Mar 2, 2009 | 5
The urge to buy the latest gadget and to reform environmental misbehavior may be the twin pillars of 21st century American youth culture, but can the two ever be reconciled? Apple, Dell, Intel, Nokia and others—companies with an array of "green" initiatives and (more) environmentally friendly products—sure hope so. But wind power kite scientist and serial inventor Saul Griffith is skeptical, according to his keynote address at the Greener Gadgets conference in New York City this past Friday.
Griffith, the intellectual force behind wattzon.com ( where you can calculate the energy use of your lifestyle), has another term for the gadget-obsessed, himself included: "planet f&*kers." A detailed analysis of the energy required to produce everything from his daily glass of wine to his iPhone revealed that Griffiths requires some 25,000 watts of energy every day, or nearly twice that of the average American (who is already consuming at least six times as much as the average person in China and more than 20 times as much as the average Indian citizen).
Nov 6, 2008 | 1
It sounds like campaign propaganda, but President-elect Barack Obama is a Trojan horse.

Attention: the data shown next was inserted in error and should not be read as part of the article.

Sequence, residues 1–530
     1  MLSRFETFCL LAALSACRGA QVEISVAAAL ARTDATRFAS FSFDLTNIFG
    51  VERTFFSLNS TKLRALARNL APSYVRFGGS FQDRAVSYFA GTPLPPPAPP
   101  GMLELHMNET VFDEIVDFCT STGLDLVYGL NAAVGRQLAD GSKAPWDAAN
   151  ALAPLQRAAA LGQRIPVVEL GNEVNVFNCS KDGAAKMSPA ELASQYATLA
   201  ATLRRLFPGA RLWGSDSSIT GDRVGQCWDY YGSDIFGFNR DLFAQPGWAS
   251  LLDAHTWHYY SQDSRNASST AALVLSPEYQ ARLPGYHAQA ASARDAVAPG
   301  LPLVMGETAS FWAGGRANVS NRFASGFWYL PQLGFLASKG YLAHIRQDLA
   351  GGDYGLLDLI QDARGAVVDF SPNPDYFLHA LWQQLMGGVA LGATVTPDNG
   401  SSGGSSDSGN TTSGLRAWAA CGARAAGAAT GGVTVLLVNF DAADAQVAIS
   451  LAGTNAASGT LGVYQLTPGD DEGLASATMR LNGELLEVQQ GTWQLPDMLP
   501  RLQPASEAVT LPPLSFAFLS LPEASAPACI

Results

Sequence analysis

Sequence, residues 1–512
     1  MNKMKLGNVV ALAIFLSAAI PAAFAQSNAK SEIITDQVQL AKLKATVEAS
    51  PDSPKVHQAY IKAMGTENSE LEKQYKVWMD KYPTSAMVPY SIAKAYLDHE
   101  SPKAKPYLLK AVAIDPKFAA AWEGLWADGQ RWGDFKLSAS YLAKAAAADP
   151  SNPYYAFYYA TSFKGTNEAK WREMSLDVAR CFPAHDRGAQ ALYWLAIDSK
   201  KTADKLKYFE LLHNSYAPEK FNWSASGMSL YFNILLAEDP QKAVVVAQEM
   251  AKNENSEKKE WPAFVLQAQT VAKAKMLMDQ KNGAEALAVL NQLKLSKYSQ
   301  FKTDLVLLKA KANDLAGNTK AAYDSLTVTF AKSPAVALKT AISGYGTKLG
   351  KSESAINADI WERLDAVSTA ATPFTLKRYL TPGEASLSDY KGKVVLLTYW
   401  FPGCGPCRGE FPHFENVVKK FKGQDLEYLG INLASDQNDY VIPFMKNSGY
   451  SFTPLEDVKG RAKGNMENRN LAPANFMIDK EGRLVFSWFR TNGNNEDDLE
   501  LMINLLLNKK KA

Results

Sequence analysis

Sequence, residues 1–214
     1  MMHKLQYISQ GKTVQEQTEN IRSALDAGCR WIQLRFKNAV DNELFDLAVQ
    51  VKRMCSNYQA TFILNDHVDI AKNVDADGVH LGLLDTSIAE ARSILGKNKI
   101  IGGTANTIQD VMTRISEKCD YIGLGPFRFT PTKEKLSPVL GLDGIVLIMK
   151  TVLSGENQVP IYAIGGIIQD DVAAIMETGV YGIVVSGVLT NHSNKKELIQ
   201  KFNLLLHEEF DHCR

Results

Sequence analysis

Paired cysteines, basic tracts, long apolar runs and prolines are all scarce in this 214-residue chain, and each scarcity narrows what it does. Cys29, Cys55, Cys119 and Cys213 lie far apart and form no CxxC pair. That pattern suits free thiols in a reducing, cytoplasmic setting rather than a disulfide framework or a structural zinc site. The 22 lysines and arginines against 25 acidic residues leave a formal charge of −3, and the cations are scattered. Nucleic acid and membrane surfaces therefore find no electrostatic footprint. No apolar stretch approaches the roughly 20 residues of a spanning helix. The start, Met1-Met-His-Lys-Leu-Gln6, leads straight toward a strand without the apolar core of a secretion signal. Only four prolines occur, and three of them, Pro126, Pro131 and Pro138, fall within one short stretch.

Obama’s name and purported links to his Election Night acceptance speech have proliferated in malicious software spreading around the World Wide Web since yesterday morning, Internet security firms report.
One spam message, subject line “Obama Wouldn’t Be First Black President,” directs readers to a link said to show his Tuesday speech. To watch, the user has to download a "new" flash player, adobe_flash9.exe. F-Secure Weblog warns that the “player” is really a virus out to steal confidential information on your computer and upload it to a server in Ukraine.
Sep 3, 2008
If your e-mail address begins “ajolie@” or “mphelps," your inbox is likely overflowing with messages sporting subject lines that read “Your Lady Will Become Crayzed” (sic) or “Urgent Request for Business Relationship from Lagos, Nigeria.” Believe it or not, the spam load has nothing to do with celebrity and everything to do with the first letter in your e-mail address.
University of Cambridge computer security researcher Richard Clayton presented a paper at the recent Fifth Conference on Email and Anti-Spam showing that e-mail addresses beginning with the letters “A,” “M,” “S,” “R,” and “P” attracted about 40 percent junk mail, whereas addresses that start with the letters “Q,” “Y,” and “Z” brought in only 20 percent or less. The paper entitled “Do Zebras Get More Spam than Aardvarks" analyzed more than 550 million e-mail messages sent over the U.K.'s Demon Internet service during an eight-week period this year.
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Conventional washing machines cause excessive damage and wrinkling to clothes primarily during the water removal step. With the introduc
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The Dow Chemical Company is the leading producer of polyalkylene glycols (PAGs) used in synthetic fluids and lubricants where petroleum,
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